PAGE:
Wallaby numbers stable following Bangor fire

News article |

Wallaby numbers stable following Bangor fire

A survey of the Telowie Gorge Conservation Park has found that the yellow-footed rock- wallaby (YFRW) population in the park has been largely unaffected by the Bangor bushfire and flood event of January/February 2014.

The informal ground survey conducted recently by Michael Stead of EcoKnowledge, found five YFRW in four separate locations within the park, which remains closed to the public.

Natural Resources Northern and Yorke ranger in charge, Mount Remarkable National Park, Donna Ferschl says it is thought the total population of YFRW in the Telowie Gorge Conservation Park is about 20-30 individuals, and the sightings are significant.

"Those rock-wallabies in the Telowie Gorge Conservation Park are the most southern population in the state and they’ve never been in high numbers, normally they exist in the arid lands – the Flinders Ranges further to the north – and the nearest population to the Telowie Gorge is in the Mount Remarkable National Park," she says.

"If the population had been lost in the fire then there’s a high chance they would not have recovered for a very long time, if at all."

Ms Ferschl says YFRW generally do not move around much and tend to stay in one area, and it was luck that the particular gorge the Telowie population are living in was largely unaffected by the Bangor fire, however the gorge was significantly affected by the following flood.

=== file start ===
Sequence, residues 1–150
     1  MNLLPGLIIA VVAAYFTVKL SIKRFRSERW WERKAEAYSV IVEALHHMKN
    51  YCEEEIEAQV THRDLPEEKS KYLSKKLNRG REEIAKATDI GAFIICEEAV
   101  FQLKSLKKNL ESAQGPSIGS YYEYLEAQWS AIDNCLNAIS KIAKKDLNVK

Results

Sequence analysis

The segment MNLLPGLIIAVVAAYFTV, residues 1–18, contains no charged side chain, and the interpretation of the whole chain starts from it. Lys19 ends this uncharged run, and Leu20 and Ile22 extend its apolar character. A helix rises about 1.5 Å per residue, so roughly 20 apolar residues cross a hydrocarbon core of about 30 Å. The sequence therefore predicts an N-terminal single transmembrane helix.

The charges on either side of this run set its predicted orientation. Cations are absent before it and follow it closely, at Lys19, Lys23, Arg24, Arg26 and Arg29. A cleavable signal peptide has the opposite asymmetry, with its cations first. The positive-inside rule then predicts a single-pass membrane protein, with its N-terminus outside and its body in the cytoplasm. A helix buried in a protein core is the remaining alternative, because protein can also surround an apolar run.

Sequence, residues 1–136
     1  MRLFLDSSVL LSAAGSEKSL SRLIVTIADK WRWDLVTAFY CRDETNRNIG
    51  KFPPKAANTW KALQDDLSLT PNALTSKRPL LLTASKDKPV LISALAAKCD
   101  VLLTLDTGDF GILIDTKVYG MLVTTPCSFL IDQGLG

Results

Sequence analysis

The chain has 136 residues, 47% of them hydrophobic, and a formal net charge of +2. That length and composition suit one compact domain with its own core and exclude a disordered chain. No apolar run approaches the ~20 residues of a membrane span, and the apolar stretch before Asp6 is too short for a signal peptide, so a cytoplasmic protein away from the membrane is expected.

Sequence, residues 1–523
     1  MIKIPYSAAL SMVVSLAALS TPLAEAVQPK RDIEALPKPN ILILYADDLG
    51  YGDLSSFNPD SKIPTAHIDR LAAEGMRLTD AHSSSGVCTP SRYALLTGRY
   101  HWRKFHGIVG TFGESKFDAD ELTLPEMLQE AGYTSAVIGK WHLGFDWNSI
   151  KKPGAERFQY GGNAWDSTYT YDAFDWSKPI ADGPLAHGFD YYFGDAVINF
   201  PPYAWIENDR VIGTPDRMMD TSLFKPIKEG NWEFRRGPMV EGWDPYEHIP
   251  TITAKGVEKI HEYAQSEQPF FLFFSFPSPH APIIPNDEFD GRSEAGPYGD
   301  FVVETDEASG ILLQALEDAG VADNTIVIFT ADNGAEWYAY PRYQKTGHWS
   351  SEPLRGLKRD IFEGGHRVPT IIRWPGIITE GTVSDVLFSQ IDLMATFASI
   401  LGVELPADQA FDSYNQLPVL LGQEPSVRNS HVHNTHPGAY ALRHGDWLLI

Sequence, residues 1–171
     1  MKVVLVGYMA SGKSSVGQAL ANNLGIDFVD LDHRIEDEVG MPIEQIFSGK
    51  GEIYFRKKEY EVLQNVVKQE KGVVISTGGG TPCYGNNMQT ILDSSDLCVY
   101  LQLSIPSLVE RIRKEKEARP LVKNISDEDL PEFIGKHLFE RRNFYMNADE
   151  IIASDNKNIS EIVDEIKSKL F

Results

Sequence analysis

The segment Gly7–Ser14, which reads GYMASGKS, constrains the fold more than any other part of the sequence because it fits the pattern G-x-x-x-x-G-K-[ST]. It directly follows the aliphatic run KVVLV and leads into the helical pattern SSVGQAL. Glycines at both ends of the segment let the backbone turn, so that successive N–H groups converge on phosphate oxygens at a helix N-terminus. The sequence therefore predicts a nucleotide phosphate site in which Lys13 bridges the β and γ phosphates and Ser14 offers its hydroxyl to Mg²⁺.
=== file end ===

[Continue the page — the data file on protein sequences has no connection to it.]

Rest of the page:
"The survey numbers show the YFRW were not directly affected by the fire and flood itself," she says.

"Among the chaotic fire behaviour within the gorge, the wallabies were able to locate refuges to shelter in. Fortunately, it appears that the small pockets of unburnt vegetation within the gorge were able to provide sufficient food for the animals until the burnt areas began to regenerate."

Despite surviving the immediate aftermath of the fire and flood, the YFRW faces a range of other perils, and Natural Resources Northern and Yorke have been actively managing the risks to give the wallabies every chance of survival.

"There are several scenarios that could have put the YFRW population in danger despite the fire not directly affecting them," Ms Ferschl says.

"They could have remained there but had no food, or they could have been forced to move because there was no food and been faced with the threat of foxes.

"Another risk is that other animals could move in and eat their food, and for this reason we’ve mitigated two goat culls since the fire and have another planned for November.

"Fox control in the park has also been happening for the past seven years, and that has continued since the fire."

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